Why use academic competitions to challenge gifted talented students?
Because many gifted learners are bored at school! Gifted students get homework done quickly (in class!), and then often stir up the class by getting other students to not do their classwork, or by creating hate and discontent about the assignment itself.
But if gifted students can play a game, by themselves or as part of a team within a gifted education program, against someone their same age, age group or grade level (or older and in a higher grade/higher level) as smart as they are, their academic ability can be channeled into something fun and useful.
Public school educators say they want students in gifted education to develop critical thinking skills, abstract thinking skills, and cognitive abilities, as well as to understand abstract ideas. Academic competition supports gifted children in these things and deepens student learning without “gifted education specialists”, teacher preparation programs, “gifted education national standards”, or a capacity to relate to talented gifted students who may be smarter than the teacher.
Academic competition also doesn’t require teachers to attend classes in advanced professional practice, advanced professional standards, current educational practices, professional development, special education, gifted education or differentiated instruction.
How do I get a quiz bowl team, or gifted talented activity, started at my school?
You don’t need a child prodigy like Little Man Tate, or a big district like New York City, to start a gifted talented program. Many schools begin by inviting gifted and talented students, those with high test scores, and those in a differentiated curriculum. A regular classroom teacher can use classroom observations to identify other exceptional students who may benefit from gifted education.
Names of these exceptional students can be given to any teacher willing to start a gifted education program. As these academically talented students compete against each other, gifted students tend to quickly weed themselves out if they’re not interested after all, or do not immediately have the high performance capability they expected.
Local education agencies, a local district, and/or a state board may include their own criteria for district programs in gifted education, or to participate in state competition.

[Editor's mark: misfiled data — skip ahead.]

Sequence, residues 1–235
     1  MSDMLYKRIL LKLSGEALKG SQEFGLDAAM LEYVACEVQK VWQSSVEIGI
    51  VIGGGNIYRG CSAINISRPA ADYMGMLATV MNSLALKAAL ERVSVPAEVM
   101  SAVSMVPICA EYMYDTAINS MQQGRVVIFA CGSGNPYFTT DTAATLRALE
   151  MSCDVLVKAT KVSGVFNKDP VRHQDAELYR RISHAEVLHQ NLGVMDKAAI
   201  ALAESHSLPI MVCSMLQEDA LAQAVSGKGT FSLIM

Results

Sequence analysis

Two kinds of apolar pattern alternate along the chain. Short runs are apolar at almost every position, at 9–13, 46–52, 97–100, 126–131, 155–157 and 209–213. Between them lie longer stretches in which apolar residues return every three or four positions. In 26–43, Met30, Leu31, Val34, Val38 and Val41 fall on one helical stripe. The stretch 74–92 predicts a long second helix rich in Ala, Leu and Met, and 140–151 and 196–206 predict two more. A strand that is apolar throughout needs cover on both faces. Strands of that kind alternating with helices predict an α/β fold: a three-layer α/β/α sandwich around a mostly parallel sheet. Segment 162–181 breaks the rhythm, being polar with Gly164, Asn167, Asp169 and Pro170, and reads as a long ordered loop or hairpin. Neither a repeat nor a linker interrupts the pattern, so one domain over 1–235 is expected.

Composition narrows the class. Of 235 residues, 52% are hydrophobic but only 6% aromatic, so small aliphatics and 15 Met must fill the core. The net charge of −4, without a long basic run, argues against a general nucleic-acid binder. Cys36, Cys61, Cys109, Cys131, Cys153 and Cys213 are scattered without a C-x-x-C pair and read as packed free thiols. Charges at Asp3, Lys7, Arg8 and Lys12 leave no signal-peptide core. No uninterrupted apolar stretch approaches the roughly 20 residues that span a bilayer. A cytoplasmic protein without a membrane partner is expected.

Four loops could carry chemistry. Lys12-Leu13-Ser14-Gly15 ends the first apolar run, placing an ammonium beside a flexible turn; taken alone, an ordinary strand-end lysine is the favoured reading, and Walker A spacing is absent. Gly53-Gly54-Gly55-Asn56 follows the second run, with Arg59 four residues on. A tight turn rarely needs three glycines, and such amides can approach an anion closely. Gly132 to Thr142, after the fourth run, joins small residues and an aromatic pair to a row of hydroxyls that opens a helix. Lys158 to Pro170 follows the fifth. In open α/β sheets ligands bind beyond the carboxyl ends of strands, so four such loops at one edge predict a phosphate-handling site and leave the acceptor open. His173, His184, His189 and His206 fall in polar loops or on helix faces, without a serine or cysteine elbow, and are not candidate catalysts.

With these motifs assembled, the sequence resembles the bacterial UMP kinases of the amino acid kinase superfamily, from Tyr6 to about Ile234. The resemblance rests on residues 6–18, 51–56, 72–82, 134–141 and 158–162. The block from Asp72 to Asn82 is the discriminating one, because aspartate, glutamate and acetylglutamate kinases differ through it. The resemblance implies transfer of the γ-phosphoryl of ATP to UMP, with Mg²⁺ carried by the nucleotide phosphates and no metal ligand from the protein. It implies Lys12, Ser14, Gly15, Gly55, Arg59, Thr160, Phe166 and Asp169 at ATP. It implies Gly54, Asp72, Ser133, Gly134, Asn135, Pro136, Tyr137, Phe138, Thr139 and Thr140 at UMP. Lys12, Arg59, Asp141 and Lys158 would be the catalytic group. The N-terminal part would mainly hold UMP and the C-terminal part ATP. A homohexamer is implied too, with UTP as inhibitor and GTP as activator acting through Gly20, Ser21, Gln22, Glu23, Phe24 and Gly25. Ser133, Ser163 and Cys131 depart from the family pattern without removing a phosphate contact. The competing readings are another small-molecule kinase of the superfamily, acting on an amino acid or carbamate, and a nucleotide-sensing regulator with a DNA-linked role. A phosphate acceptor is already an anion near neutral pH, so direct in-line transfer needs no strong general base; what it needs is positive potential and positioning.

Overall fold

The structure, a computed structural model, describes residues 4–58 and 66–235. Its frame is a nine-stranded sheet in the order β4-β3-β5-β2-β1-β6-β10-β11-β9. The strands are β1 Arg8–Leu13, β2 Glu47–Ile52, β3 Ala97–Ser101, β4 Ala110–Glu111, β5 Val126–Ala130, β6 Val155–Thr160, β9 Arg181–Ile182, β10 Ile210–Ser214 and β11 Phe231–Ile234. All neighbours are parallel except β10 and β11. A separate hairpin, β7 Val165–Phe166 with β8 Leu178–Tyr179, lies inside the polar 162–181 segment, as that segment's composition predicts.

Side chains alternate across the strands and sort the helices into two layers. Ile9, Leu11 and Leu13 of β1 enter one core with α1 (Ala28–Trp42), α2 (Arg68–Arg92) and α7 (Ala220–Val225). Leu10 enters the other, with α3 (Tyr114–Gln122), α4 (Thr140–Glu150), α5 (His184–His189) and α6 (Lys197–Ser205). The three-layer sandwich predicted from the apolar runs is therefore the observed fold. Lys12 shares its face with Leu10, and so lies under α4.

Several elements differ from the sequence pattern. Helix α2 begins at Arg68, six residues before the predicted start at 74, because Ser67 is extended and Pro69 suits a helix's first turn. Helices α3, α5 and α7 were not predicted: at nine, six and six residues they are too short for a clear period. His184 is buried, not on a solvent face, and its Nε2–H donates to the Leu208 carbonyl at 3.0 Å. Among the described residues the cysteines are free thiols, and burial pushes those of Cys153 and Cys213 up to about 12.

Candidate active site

Aren’t academic competitions good for regular students, too?
Of course! Let them reflect individuality. A student can use self-directed learning, whether on a team or not, whether considered “gifted talented” or not, whether in “gifted education” or not, to become an expert in anything. A student who is not #1 in class may still have a special talent in visual and performing arts. A team in academic competition needs experts in all subjects, so invite everyone who exhibits high performance capability in some area.
What does your company offer for gifted talented students?
Some question sets below combine the look and feel of a standardized test with the questions asked in top-level quizbowl. Other question sets allow students to study at their own pace, investigate new things, create their own gifted education programs, and become gifted students in the area of their choice by learning about events and people in their specialty.
We also provide standardized test and educational assessment materials.
Do you make custom question sets?
Every question set below was created just for one local school district! Search our site, look through the sets below, and then contact us. After your event, your local question set may be made available for others.
Sets below can be used with middle school or high school students as specified. For elementary school, contact us with more details.
If nothing here looks good, we’ll put together a custom set just for you!
If you have a PayPal account, use your credit card to buy sets below.
If you don’t have a PayPal account, call us with your card number and we will use our PayPal app to enter your information. We will e-mail a receipt.
GIFTED AND TALENTED COMPETITION SETS
|English (MS or HS)
||English Exam #4 (50 questions, 10 questions on each of 5 different reading passages)||$69|
|English Exam #3 (same format as #4)||$69|
|English Exam #2 (60 questions, 10 questions on each of 6 different passages)||$79|
|English Exam #1 (same format as #2)||$79|
|HS Math||Math Exam Set #3 (4 sets of 31 math problems each: each set has 3 problems on each of 5 different topics, 10 “team” problems and 2 three-problem “relay” sets)||$99|
|Math Exam Set #2 (same format as #3)||$99|
|Math Exam Set #1 (same format as #3)||$99|
|Math Quizbowl Set #1 (200 quizbowl-style questions that can all be done in less than 30 seconds)||$99|
|Social Studies (MS or HS)
||Social Studies Quizbowl Set #1 (100 questions–social studies only)||$49|
|Literature (MS or HS)
||Literature Quizbowl Set #1 (100 questions–literature only)||$49||Fine Arts (MS or HS)
||Fine Arts Quizbowl Set #1 (100 questions–fine arts only)||$49|